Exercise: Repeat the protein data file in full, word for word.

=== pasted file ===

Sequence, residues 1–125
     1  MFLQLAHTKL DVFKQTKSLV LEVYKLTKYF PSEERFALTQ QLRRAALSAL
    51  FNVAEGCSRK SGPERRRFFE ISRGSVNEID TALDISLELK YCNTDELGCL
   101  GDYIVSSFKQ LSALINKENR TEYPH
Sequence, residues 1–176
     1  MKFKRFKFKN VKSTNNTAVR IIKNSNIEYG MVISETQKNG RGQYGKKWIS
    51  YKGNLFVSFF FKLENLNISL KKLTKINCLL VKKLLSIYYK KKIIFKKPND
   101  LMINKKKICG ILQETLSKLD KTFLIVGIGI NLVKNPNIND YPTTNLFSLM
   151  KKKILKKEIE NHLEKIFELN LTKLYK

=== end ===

Sequence, residues 1–125
     1  MFLQLAHTKL DVFKQTKSLV LEVYKLTKYF PSEERFALTQ QLRRAALSAL
    51  FNVAEGCSRK SGPERRRFFE ISRGSVNEID TALDISLELK YCNTDELGCL
   101  GDYIVSSFKQ LSALINKENR TEYPH
Sequence, residues 1–176
     1  MKFKRFKFKN VKSTNNTAVR IIKNSNIEYG MVISETQKNG RGQYGKKWIS
    51  YKGNLFVSFF FKLENLNISL KKLTKINCLL VKKLLSIYYK KKIIFKKPND
   101  LMINKKKICG ILQETLSKLD KTFLIVGIGI NLVKNPNIND YPTTNLFSLM
   151  KKKILKKEIE NHLEKIFELN LTKLYK